Ezekiel 7:26
Mischief shall come upon mischief, and rumour shall be upon rumour; then shall they seek a vision of the prophet; but the law shall perish from the priest, and counsel from the ancients.
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EXPOSITORY (ENGLISH BIBLE)
(26) Then shall they seek a vision.—Comp. Ezekiel 20:1-3. The three chief sources of counsel, the prophets, the priests, and the elders, are all represented as applied to in vain. God had forsaken the people who had rejected Him. (Comp. Proverbs 1:28, and the story of Saul’s despair at his abandonment by God, 1Samuel 28:15.) In the following verse the trouble is described as affecting all classes alike, the king, the prince, and the people of the land, and, further, as being the fitting consequence and retribution of their own chosen way.

Here closes the first series of Ezekiel’s prophecies, extending from the beginning of the fourth to the end of the seventh chapter. They were all uttered within the period of a year and two months. Like the following series (Ezekiel 8-19), they begin with a remarkable series of symbolic acts, or rather of descriptions of such acts, and are continued by plain prophecies. Ezekiel and his fellow-captives had now been between five and six years in exile, and they still looked to Jerusalem and the Temple as their pride and the strength of their nation, and doubtless many of them hoped to be able to return there to lead again their former lives. There could be no hope of affecting a thorough and lasting reformation among the people except by utterly dashing these hopes to the ground, and showing that the people must be led to repentance through a thorough humiliation and heavy punishment. Such is the purpose of these prophecies, and it is carried out with extraordinary vigour and power of language.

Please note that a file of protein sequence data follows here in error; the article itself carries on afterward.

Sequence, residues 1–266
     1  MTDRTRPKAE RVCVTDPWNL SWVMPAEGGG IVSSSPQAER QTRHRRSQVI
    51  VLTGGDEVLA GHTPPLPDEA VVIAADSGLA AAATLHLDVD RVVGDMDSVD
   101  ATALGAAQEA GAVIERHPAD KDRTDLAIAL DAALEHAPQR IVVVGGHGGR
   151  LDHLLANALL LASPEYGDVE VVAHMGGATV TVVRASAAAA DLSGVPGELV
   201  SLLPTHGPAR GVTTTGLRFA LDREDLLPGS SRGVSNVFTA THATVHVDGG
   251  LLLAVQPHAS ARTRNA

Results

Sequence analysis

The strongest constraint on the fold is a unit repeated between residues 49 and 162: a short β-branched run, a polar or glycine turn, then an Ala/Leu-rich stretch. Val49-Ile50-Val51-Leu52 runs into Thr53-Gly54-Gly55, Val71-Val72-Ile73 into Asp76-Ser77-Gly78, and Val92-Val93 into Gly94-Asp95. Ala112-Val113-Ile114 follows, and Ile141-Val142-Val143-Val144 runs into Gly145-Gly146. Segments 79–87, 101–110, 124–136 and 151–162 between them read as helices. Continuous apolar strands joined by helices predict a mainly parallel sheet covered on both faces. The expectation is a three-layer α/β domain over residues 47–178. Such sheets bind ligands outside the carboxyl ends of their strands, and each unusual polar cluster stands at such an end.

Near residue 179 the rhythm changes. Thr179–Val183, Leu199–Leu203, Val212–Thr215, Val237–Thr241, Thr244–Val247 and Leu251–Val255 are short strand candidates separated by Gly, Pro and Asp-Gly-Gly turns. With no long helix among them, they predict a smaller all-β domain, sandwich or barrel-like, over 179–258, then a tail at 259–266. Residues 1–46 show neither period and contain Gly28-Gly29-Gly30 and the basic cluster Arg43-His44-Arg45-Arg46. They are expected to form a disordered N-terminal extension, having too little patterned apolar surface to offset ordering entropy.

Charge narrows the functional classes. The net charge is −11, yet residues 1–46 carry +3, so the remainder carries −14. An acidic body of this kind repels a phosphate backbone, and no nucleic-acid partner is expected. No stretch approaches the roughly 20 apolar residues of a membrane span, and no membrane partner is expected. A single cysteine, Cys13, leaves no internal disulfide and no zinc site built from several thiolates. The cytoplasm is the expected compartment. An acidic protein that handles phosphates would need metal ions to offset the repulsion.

7:23-27 Whoever break the bands of God's law, will find themselves bound and held by the chains of his judgments. Since they encouraged one another to sin, God would dishearten them. All must needs be in trouble, when God comes to judge them according to their deserts. May the Lord enable us to seek that good part which shall not be taken away.The worst of the pagan - The most cruel and terrible of nations - the Chaldaeans.

The pomp of the strong - Compare Leviticus 26:19 "The strong" are those who pride themselves in imaginary strength.

Their holy places - What elsewhere is called "God's Holy place" is here "their holy places," because God disowns the profaned sanctuary. In the marginal rendering "they" must mean "the worst of the pagan."

26. Mischief … upon … mischief—(De 32:23; Jer 4:20). This is said because the Jews were apt to fancy, at every abatement of suffering, that their calamities were about to cease; but God will accumulate woe on woe.

rumour—of the advance of the foe, and of his cruelty (Mt 24:6).